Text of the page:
"Today upon a bus, I saw a lovely maid with golden hair; I envied her -- she seemed so happy, and how, I wished I were so fair; When suddenly she rose to leave, I saw her hobble down the aisle; she had one foot and had a crutch, but as she passed, a smile. Oh God, forgive me when I whine, I have two feet -- the world is mine.

And when I stopped to buy some sweets, the lad who served me had such charm; he seemed to radiate good cheer, his manner was so kind and warm; I said, 'It's nice to deal with you, such courtesy I seldom find'; he turned and said, 'Oh, thank you sir.' And then I saw that he was blind. Oh, God, forgive me when I whine, I have two eyes, the world is mine.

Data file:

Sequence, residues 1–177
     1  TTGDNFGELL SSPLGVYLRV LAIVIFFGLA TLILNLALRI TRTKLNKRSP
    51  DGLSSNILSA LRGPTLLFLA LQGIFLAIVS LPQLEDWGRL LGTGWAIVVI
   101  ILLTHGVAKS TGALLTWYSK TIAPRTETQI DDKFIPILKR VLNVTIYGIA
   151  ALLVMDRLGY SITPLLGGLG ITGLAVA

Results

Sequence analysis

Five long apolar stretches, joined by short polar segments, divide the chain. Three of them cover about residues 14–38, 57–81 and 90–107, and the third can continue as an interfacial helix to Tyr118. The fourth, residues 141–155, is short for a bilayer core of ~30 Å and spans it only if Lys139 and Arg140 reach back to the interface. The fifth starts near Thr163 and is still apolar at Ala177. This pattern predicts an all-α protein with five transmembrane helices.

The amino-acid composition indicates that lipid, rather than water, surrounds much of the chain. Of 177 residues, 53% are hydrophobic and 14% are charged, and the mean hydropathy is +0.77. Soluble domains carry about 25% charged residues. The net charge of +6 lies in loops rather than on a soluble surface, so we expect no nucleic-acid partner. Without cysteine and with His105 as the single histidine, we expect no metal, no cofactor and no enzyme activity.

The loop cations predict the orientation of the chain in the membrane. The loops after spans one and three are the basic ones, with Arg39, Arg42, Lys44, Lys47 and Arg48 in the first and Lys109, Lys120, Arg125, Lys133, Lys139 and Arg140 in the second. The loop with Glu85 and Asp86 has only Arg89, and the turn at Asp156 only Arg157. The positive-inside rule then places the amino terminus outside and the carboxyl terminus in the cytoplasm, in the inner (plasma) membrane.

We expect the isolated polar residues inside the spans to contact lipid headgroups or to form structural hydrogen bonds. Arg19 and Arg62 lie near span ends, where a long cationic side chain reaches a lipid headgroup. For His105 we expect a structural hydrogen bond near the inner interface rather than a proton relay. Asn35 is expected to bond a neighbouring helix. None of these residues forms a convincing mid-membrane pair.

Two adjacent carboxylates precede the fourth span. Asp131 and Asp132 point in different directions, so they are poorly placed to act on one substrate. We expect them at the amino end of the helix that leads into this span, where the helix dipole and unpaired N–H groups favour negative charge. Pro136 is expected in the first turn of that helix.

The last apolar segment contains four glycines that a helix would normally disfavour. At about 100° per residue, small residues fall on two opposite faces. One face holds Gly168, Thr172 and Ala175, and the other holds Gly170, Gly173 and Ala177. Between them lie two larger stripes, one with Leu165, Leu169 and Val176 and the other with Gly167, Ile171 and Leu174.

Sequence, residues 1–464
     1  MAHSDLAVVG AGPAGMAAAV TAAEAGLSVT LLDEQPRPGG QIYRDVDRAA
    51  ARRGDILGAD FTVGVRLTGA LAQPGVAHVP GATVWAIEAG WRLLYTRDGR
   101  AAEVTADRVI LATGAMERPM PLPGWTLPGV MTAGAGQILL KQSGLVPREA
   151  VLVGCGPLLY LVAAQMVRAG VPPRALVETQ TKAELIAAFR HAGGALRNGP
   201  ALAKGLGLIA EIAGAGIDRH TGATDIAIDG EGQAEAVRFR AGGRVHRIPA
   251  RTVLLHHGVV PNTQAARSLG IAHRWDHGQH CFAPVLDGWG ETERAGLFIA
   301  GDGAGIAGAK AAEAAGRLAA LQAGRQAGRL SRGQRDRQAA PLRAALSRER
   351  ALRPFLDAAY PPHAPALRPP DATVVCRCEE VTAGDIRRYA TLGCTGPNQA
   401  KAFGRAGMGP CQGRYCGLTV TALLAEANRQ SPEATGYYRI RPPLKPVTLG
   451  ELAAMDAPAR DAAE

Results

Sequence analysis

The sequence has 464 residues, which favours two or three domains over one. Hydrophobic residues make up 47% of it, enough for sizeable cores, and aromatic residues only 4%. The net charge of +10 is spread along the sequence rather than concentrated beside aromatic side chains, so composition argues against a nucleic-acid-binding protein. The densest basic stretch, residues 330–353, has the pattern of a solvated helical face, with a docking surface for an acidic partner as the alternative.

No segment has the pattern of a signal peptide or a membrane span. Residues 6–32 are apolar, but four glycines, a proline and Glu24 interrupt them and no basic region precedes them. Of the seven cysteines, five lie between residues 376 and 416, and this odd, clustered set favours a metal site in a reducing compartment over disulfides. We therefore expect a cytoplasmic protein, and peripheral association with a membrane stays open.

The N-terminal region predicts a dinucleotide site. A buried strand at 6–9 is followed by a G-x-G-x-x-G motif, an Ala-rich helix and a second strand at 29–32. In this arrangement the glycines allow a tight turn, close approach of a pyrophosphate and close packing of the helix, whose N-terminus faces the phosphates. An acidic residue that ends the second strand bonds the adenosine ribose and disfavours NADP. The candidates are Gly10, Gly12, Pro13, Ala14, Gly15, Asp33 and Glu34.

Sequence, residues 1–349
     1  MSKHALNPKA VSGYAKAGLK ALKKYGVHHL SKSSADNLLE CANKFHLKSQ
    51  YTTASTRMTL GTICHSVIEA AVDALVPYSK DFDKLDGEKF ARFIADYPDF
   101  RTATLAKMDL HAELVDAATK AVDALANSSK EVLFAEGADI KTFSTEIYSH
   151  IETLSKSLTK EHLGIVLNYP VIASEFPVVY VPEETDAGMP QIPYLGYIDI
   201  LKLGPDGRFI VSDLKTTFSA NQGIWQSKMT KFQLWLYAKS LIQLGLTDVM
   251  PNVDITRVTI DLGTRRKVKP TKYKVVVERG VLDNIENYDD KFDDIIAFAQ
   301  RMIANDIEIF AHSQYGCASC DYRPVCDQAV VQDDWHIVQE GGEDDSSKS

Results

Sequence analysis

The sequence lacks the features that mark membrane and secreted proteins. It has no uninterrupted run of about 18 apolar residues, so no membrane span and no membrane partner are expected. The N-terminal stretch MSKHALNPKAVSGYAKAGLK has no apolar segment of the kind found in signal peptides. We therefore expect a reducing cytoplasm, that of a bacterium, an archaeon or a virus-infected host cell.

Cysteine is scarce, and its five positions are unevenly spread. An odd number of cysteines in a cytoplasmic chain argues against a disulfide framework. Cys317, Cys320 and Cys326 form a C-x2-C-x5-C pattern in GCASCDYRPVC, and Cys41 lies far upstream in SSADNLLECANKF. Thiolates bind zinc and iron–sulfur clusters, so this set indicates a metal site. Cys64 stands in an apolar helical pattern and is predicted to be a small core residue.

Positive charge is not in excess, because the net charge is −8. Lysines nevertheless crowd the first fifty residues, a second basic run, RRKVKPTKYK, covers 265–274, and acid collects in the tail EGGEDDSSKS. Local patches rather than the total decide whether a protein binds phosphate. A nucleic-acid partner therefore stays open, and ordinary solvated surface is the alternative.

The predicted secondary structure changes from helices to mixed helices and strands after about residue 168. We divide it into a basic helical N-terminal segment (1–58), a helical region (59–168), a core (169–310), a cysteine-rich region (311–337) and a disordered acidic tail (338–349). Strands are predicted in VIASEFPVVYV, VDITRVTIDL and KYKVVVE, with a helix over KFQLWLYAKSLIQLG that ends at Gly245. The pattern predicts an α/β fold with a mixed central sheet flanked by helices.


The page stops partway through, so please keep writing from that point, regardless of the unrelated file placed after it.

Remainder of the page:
Then, when walking down the street, I saw a child with eyes of blue; he stood and watched the others play, it seemed he knew not what to do; I stopped a moment, then I said, 'Why don't you join the others, dear?' He looked ahead without a word, and then I knew he could not hear. Oh God, forgive me when I whine, I have two ears, the world is mine.

With feet to take me where I'd go; with eyes to see the sunsets glow, with ears to hear what I would know. I am blessed indeed. The world is mine; oh, God, forgive me when I whine."

"Praise the Lord, O my soul; all my inmost being, praise his holy name. Praise the Lord, O my soul, and forget not all his benefits..."